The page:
[This section will probably not be getting much revision-ever.]
Bottom line: If you have an IBM PowerSeries PowerPC, you can order a copy of OS/2 Warp (PowerPC Edition) as described below. IBM will be supporting the current release, but does not plan on releasing any updates to the product in 1996. However, please note that the "common code" strategy that IBM is actively pursuing means that a great deal of the code developed for Merlin is almost immediately transferable to the PowerPC(or other RISC architectures).
The "Developer's Release" of OS/2 Warp PowerPC went Gold on 15 Dec 95(with availability on 5 Jan 96). The "Connect" portion of the name appears to have been dropped, as there is no integrated networking in this release. It is only available as a RPQ(Request for Price Quotation). These are used by IBM to offer standard and non-standard products and programs to a set of customers with unique requirements(in this case, customers with an IBM PowerPC). This release is targeted specifically at developers, but if you have an IBM PowerPC machine(sorry, it does not appear that other PowerPC machines are supported at this time), see below for order information.
Since IBM is the best(read _only_) official source of information about development plans, here is a quote from John Soyring(IBM Vice President of Personal Software Products).
Newsgroups: comp.os.os2.advocacy Date: 26 Jan 1996 17:01:36 GMT In no way is the work on the PowerPC version of OS/2 Warp terminated. All we said to writers at the Wall Street Journal (as well as to other members of the media) is what we described to IBM employees earlier this week. What we said is that our development focus in 1996 will be on enhancing OS/2 Warp as both a client operating system (the MERLIN project) and as a server operating system (the OS/2 Warp Server projects) on the Intel and Intel-compatible platforms. We are not planning additional releases of the OS/2 Warp family on the PowerPC platform during 1996 -- as we *just* released in late December 1995 the OS/2 Warp (PowerPC Edition) product. During 1996 and beyond, we plan to grow our market share for OS/2 Warp both as a client operating system and as a server operating system on x86 PC's. And we will be doing this aggressively. We have just not announced future releases on the PowerPC platform. In no way should our announcement imply that we are backing away from the PowerPC. JohnI ripped the following description of OS/2 Warp (PowerPC Edition) from Compuserve. There has not been an official announcement letter for this product(the announcement in June 1995 notwithstanding).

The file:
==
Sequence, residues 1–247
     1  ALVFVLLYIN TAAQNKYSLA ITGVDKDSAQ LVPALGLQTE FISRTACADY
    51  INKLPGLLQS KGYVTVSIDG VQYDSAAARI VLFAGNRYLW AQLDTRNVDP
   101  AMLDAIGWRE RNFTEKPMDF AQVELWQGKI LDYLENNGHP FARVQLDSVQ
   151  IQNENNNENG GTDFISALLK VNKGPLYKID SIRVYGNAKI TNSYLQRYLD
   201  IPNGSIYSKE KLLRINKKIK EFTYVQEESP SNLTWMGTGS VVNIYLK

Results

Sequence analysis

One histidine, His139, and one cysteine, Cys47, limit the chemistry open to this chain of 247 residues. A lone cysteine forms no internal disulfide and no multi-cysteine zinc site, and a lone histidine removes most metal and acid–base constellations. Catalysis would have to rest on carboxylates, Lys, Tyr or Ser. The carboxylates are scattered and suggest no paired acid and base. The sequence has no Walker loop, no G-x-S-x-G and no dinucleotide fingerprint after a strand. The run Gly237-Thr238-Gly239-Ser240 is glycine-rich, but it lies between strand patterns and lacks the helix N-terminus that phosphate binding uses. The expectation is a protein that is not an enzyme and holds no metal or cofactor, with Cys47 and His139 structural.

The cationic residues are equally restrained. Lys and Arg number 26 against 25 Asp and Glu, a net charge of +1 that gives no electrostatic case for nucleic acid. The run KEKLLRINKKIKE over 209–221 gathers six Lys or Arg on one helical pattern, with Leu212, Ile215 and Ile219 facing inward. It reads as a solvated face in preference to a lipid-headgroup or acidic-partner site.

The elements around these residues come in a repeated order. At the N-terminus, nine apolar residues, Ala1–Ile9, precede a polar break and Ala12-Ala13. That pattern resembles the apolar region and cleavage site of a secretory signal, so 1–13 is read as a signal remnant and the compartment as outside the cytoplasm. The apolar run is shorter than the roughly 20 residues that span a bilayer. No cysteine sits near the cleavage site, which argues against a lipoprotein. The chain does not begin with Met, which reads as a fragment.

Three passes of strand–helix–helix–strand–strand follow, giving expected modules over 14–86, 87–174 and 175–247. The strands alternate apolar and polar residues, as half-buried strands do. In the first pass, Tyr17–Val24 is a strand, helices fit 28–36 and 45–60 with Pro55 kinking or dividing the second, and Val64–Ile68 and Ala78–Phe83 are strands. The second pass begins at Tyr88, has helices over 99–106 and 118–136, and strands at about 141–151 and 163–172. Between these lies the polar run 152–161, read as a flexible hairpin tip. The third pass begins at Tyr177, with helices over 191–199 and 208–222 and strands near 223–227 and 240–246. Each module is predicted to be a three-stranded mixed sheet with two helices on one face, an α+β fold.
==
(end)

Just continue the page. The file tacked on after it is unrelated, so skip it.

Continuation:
"Here is a description: OS/2 Warp (PowerPC Edition) consists of the following products: OS/2 Warp Version 3 for the PowerPC, IBM Micro-kernel, IBM File Server, IBM Registry, BonusPak and the Applications Sampler.
OS/2 Warp (PowerPC Edition) supports execution of OS/2 x86 DOS and Windows+ 3.x binary applications used on today's personal computers. It is shipped with an accompanying BonusPak of productivity applications and online connection software. The BonusPak, a value-packed suite of application programs includes:
OS/2 Warp (PowerPC Edition) lists for $215 for the first license, and $209 for each additional license. If you are really interested in purchasing a copy of OS/2 Warp (PowerPC Edition), try these simple steps:
Despite the above information, some people may still find the following of interest. I will update and consolidate this next portion eventually.
OS/2 Warp (PowerPC Edition) [Falcon] is the first commercial release of a product built on the IBM Microkernel(v1.0). Think of the microkernel as the base upon which the rest of the "OS" is built. The microkernel can serve as a base to multiple things at once(for instance OS/2 and a UNIX personality of some sort). By writing portable code for the "OS" portions, a vendor(such as IBM) can easily port their products to another platform that supports the IBM Microkernel.